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And God created the great whales, and each
And faw that it was good, and blefs'd them, faying, Be fruitful, multiply, and in the feas
And lakes and running ftreams the waters fill;
And let the fowl be multiply'd on th' earth. Forthwith the founds and feas, each creek and bay With fry innumerable swarm, and fhoals
400. With fry innumerable farm, &c.] One would wonder how the poet could be fo concife in his defcription of the fix days works, as to comprehend them within the bounds of an epifode, and at the fame time fo particular, as to give us a lively idea of them. This is ftill more remarkable in his account of the fifth and fixth days, in which he has drawn out to our view the whole animal creation from the reptil to the behemoth. As the lion and the leviathan are two of the noblest productions in the world of living creatures, the reader will find a molt exquifite spirit of poetry in the account which our author gives us of them. The fixth day concludes with the formation of Man, upon which the Angel takes occafion, as he did after the battel in Heaven, to remind Adam of his obedience, which was the principal defign of this his vifit. Addi fon.
in fculls that oft Bank the mid fea :] Shoals of fifh fo vaft, that they appear like mighty banks in the midft of the fea. Sculls and foals are vast multitudes of fish, of the Saxon Sceole, an assembly. Hume.
Shoals in fculls feems an odd expreffion; would not fhoals and fculls be better?
and through groves Of coral fray,] Coral is a production of the fea, and is commonly rank'd among the number of marine plants. The learned Kercher fupposes entire forests of it to grow at the bottom of the fea, which may juftify our author's expreffion of groves of Coral. The Ancients believ'd that it was foft under the water and harden'd in the air. Ovid has exprefs'd this notion very prettily in Met. IV. 750.
Of fish that with their fins and fhining scales
Moist nutriment, or under rocks their food
And fhrubs beneath the waves, grow ftones above. Eufden. But later discoveries have shown, that only the extremities of the branches are a little foft in the water, and foon petrify in the air.
409. In jointed armour] The reader cannot but be pleas'd with the beauty of this metaphor. The fhells of lobsters &c, and armour very
much refemble one another; and in
Delphinum fimiles; qui per maria
Wallowing unwieldy', enormous in their gate
Et acceptum patulis mare naribus
efflant. Ovid. Met. III. 686. 421. They fumm'd their pens,] Pens from penna a feather. Summ'd is a term in falconry; a hawk is faid to be full fumm'd, when his feathers Par. Reg. I. 14. are grown to their full strength. So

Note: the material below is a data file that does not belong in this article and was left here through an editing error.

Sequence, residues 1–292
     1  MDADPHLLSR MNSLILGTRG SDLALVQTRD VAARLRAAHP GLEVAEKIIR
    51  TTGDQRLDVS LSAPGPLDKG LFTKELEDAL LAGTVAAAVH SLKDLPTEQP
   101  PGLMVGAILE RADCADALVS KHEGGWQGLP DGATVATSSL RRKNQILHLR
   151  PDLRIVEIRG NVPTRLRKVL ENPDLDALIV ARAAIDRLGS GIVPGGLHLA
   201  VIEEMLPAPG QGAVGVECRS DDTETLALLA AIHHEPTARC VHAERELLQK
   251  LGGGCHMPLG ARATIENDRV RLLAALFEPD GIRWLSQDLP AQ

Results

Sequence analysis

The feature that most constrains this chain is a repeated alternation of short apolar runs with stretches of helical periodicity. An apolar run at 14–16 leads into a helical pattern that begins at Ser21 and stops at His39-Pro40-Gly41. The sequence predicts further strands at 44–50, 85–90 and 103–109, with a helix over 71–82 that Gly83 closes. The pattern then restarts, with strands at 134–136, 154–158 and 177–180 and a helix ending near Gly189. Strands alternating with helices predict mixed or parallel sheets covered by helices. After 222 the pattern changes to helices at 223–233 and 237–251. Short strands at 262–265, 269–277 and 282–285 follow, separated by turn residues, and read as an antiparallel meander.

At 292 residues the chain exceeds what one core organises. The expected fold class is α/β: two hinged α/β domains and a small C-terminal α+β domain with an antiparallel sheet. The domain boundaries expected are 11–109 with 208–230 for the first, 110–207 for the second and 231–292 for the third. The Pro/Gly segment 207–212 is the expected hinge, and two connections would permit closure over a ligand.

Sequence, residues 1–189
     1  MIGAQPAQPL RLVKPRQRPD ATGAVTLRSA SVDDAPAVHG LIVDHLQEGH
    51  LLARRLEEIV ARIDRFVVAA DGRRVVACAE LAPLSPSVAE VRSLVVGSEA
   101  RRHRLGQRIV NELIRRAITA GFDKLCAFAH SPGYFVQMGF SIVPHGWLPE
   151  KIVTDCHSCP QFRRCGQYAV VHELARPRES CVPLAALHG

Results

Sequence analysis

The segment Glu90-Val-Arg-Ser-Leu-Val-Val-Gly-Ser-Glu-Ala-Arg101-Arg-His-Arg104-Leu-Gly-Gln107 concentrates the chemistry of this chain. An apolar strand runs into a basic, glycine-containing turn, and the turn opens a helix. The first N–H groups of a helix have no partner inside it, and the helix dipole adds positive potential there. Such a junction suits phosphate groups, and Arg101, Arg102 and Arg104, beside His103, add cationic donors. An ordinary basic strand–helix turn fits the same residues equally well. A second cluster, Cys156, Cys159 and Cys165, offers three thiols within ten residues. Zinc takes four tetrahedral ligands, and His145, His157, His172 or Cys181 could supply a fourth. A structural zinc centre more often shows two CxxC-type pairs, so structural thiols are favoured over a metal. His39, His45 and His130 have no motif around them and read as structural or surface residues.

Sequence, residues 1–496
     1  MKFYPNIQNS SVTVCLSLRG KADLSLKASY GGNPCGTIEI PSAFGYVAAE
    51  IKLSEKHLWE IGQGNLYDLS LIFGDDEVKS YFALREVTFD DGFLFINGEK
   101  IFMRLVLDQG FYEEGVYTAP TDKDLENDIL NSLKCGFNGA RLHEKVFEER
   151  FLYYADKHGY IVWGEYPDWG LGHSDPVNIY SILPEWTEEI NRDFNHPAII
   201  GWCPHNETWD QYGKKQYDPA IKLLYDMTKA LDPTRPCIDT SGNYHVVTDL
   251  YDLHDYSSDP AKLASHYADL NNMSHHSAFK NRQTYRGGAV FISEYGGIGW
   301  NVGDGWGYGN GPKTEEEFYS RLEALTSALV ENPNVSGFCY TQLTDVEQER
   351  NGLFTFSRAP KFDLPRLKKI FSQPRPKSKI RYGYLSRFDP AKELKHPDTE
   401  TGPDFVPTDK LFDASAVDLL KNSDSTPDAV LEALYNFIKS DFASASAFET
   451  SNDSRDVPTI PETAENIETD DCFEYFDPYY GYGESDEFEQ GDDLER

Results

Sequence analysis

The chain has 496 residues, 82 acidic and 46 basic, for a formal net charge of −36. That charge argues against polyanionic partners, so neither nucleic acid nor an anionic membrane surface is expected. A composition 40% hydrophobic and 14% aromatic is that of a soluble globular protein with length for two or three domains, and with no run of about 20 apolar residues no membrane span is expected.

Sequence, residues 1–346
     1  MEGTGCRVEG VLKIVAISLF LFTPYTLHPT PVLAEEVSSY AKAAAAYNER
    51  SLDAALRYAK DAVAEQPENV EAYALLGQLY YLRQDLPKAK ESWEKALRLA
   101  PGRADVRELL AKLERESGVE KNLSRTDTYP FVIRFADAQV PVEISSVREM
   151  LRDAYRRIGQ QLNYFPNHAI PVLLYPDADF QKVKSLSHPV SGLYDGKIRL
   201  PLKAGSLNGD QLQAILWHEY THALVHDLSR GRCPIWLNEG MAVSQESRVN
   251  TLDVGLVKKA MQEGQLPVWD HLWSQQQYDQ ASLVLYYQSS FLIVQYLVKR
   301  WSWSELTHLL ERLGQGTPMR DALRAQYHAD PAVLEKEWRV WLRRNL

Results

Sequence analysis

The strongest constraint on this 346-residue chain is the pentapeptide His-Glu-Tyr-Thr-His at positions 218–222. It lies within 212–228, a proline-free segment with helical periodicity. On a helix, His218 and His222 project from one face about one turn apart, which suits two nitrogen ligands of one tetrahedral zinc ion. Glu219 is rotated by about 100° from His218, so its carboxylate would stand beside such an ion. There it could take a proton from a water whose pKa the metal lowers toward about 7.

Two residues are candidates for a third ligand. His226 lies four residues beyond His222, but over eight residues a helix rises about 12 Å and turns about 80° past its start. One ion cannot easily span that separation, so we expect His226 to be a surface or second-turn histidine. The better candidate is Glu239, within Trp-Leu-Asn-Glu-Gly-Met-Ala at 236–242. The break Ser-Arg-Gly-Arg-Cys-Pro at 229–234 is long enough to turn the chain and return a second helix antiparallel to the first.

With profp'rous wing full fumm'd. Richardfon. 422. With clang defpis'd the ground,
under a cloud
fo many that the ground, from whence In profpe&;] That is, the birds were they rofe, would have appeared to be under a cloud, if one had feen it at a distance: in this fenfe we have ver. 555 bow it (the world) bow'd
Bursting with kindly rupture forth disclos'd
423.—there the eagle and the fork On cliffs and cedar tops their eyries build:] Thefe birds build their eyries, that is their nefts in fuch high places. In Job XXXIX. 27, 28. it is faid particularly of the eagle, Doth the eagle mount up at thy command, and make her neft on high? She dwelleth and abideth on the rock, upon the crag of the rock, and the frong place. And Pliny fays of them, Nidificant in petris et arboribus. L. 10. Sect. 4.
in profpect from his throne. Pearce. dentibus: feffos duces ad terga reciUnder a cloud, the ground being piunt. Nat. Hift. L. 10. Sect. 32. fhaded by the multitude of birds But as this migration of birds is one feem'd as when à cloud paffes over of the moft wonderful inftincts of it. Richardfon. nature, it may be proper to add fome better authorities to explain and juftify our author than PlinyJerem. VIII. 7. takes notice of this remarkable inftinct; Yea the ftork in the Heaven knoweth her appointed times, and the turtle, and the crane, and the fwallow obferve the time of their coming, &c. So very intelligent are they of feafons. And as Milton inftances in the crane particularly, we will quote what the ingenious author of Spectacle de la Nature fays upon this occafion. Dial. XI. “ Ás "to wild ducks and cranes, both the " one and the other at the approach "of winter fly in queft of more "favorable climates. They all af"femble at a certain day like swal"lows and quails. They decamp "at the fame time, and 'tis very
-rang'd in figure wedge their way,] Pliny has defcribed certain birds of paffage, flying in the form of a wedge, and fpreading wider and wider. Thofe behind rest upon thofe before, till the leaders being tir'd are in their turn receiv'd into the rear. A tergo fenfim dilatante fe cuneo porrigitur agmen, largèque impellenti præbetar auræ. Colla imponunt præce
agreeable to obferve their flight. They generally range themselves " in a long column like an I, or "in two lines united in a point like
Intelligent of feasons, and fet forth
435.-nor then the folemn nightin gale &c.] Of all finging birds, we fee that he inftances in the nightingale particularly; and his fondness for this little bird is very remarkable, and he expreffes it upon every occafion. If the reader has not taken particular notice of it, he will be furpris'd as well as pleas'd to fee in how many paffages and with what admiration he speaks of this charming fongfter. He compares his own making verfes in his blindness to the nightingale's finging in the dark. III. 37.
Then feed on thoughts, that voluntary move
In that tender fpeech of Eve's to
With thee converfing I forget all time, &'c
amongst other pleafing images he mentions twice
the filent night With this her folemn bird.
And Adam and Eve are made to fleep lall'd by nightingales, IV. 771. Thefe, lull'd by nightingales, embracing flept, And